However, these are the exceptions

  3. What do they really want/need?
    In my experience it is precisely because many companies arrive at elearning as a solution for ‘reducing cost’ that they either don’t go through with it or that it fails if they do.

    We have provided elearning solutions for many companies but when a potential new client comes knocking on the door and asking for a way to reduce their training cost we know it is generally unlikely they will end up purchasing anything, certainly not for the reason they originally came for. When we start to ask questions about they are ‘really’ trying to achieve with their training it becomes clear they have little strategy and no direction. They either go away and re-evaluate their current training and make improvements, that may or may not include elearning, or they run frightened back to what they know at the prospect of all the additional work they would need to put in.

    Basically people should be looking to elearning as a tool to support their learning programme rather than a way to reduce their training budgets. That means selecting elearning because of the learning benefits that it brings such as the flexibility of delivery, the self paced nature of learning and in IT the ability to simulate systems. Elearning, at least in it’s current level of sophistication, cannot replace all types of training.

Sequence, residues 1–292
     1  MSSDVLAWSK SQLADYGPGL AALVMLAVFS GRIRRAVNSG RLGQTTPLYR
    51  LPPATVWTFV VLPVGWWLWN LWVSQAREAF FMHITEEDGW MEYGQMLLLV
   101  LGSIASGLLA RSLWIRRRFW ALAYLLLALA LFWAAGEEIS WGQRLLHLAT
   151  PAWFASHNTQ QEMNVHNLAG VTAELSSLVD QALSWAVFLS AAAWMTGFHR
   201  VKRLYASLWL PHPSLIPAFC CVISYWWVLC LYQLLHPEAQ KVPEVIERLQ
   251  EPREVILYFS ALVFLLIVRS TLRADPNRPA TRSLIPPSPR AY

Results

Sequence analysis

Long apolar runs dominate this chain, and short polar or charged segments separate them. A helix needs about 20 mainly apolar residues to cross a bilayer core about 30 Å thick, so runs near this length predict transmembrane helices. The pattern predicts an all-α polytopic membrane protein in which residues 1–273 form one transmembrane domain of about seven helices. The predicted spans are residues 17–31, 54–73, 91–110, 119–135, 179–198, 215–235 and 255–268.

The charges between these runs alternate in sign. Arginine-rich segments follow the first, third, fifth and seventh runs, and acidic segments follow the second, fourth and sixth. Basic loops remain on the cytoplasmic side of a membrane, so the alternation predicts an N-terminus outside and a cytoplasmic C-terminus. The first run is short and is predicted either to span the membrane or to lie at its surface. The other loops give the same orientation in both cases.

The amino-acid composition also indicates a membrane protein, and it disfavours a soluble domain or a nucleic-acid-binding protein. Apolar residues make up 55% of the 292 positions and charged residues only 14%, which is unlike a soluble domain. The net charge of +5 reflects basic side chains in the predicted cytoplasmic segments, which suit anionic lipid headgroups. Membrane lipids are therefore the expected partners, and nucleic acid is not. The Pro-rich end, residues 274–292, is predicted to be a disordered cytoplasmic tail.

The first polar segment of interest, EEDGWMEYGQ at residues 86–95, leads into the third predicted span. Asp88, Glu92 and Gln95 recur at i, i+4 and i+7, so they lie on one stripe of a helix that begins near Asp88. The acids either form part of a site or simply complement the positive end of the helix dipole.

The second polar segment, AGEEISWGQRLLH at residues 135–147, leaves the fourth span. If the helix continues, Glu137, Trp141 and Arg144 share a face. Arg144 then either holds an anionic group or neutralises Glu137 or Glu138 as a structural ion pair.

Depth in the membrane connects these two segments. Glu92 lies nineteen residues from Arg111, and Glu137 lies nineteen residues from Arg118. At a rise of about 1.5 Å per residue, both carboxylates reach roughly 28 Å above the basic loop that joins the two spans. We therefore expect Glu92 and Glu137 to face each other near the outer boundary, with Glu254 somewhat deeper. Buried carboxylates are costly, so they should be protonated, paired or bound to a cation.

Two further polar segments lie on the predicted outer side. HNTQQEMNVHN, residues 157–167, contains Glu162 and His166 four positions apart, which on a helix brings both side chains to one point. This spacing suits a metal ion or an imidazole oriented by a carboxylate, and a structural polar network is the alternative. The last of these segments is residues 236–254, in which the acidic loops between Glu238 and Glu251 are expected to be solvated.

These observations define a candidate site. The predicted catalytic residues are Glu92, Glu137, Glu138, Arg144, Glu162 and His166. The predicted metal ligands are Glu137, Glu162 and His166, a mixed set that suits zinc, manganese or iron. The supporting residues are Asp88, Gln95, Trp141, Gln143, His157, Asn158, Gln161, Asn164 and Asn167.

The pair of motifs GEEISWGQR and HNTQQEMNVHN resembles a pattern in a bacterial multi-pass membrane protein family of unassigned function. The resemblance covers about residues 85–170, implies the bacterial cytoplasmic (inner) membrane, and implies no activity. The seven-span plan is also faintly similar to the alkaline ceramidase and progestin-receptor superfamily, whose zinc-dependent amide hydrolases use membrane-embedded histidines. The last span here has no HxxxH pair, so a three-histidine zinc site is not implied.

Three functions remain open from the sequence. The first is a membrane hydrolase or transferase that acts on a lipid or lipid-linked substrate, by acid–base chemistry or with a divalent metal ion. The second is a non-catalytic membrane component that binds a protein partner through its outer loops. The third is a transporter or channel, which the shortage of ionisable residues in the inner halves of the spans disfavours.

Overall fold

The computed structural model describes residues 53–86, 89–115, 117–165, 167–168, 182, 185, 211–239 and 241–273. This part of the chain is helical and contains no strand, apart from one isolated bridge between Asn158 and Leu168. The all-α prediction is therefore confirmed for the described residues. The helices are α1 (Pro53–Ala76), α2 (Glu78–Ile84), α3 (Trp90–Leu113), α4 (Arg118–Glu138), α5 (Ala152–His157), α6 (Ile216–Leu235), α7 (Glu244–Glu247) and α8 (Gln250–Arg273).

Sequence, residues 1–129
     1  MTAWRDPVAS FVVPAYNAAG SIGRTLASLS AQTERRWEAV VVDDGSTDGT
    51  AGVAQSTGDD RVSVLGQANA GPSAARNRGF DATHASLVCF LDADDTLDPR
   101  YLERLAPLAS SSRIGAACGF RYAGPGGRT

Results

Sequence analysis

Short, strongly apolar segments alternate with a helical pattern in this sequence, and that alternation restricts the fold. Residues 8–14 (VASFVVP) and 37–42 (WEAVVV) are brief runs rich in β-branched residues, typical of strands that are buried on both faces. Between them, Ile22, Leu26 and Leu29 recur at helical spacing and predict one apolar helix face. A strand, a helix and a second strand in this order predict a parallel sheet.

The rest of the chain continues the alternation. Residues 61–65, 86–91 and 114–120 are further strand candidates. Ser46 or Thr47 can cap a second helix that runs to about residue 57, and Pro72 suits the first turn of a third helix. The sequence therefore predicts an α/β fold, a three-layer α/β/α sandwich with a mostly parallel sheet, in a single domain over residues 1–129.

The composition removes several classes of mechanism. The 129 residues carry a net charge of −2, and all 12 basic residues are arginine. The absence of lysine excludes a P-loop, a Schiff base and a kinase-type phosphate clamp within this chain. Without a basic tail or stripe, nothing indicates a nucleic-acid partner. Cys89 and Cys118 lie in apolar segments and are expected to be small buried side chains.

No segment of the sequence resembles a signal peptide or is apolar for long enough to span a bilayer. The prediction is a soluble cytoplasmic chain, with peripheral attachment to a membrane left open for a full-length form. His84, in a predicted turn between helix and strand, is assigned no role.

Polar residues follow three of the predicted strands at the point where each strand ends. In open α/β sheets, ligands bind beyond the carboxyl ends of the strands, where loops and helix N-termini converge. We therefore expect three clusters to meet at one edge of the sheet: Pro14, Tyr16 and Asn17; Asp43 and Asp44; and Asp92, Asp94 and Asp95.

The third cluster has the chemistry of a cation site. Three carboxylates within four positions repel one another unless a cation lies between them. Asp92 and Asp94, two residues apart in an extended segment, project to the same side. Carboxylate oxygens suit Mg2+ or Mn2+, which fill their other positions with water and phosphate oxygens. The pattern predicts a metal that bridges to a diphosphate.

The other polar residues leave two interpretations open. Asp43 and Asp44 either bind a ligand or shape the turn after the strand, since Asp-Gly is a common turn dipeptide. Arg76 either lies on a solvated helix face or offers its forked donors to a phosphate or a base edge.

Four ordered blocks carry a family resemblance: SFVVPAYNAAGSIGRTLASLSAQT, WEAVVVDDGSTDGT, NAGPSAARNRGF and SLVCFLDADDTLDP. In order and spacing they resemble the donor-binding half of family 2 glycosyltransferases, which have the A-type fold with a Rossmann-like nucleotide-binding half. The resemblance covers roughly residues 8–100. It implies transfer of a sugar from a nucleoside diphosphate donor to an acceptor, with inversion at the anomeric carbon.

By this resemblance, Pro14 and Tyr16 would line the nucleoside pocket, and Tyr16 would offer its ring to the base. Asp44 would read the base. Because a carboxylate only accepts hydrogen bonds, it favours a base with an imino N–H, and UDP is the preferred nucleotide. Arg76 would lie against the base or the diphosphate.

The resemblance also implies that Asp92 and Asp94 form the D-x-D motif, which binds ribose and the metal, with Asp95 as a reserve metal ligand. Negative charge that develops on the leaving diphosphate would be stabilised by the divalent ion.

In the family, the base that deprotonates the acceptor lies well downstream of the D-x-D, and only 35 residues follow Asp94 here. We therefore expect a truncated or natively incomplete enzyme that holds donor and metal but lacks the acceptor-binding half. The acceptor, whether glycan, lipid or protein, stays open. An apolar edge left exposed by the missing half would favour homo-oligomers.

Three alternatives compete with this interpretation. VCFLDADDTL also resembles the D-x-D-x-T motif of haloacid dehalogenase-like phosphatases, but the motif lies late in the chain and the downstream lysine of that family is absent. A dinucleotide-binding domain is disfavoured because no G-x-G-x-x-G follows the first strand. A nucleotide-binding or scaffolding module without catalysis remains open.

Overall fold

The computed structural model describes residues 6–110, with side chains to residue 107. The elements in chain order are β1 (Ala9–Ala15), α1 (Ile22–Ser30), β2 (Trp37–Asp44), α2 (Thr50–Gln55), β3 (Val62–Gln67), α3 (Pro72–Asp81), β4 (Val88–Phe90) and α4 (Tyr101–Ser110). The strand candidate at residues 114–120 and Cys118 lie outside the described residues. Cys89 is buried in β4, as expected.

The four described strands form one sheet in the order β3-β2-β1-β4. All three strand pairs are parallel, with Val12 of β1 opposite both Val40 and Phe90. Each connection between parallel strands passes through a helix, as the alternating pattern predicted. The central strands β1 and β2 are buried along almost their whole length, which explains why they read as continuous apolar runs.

Secondly, cost savings tend to be long term so companies that have rushed to elearning as a way to make quick savings during the current economic crisis will be quickly disappointed when they see the initial layout to build an elearning platform and buy content.

    And I’d agree with other comments here that if there isn’t already a culture of elearning in the business it’s going to be that much harder to sell.

  4. Top down
    I agree with the three comments above. What is also very important is the buy-in of the C-level. If management is supporting e-learning and they actively align it to their Business strategy it can be a great asset to their training strategy.
    There was a very good documentary on Radio 4, which you might want to listen to (see link below). It talks about great success at BT and other big companies, which have already gone through the process and love the new dynamic it brings to their company and can see the financial benefits.

  5. Scott Hewitt
    I’d be interested to know the outcomes of your research.

    I’ve come across a lot of organisations that embark on this sort of change project without any kind of strategy and then discover issues during implementation that set them back considerably. There is a still a lot of jargon and and this can be extremely confusing – LMS – VLE – DLE – SCORM – AIIC – HTML – W3C the list goes on. There is a quite a lot of basic understanding that you need to develop. It may not appear that way to those in the industry but I’m still talking to experienced e-learning practitioners who don’t understand SCORM.

    A number of companies may still be unsure about employee levels, office remaining open so making a commitment to the implementation of e-learning may be put on hold until they know the number of learners that they are likely to be dealing with.

    Even though there are products in the market it is very difficult to compare price, functionality, performance technical requirement – this might put a few people off.

No Image Available

Get the latest from TrainingZone.

Elevate your L&D expertise by subscribing to TrainingZone’s newsletter! Get curated insights, premium reports, and event updates from industry leaders.

Thank you!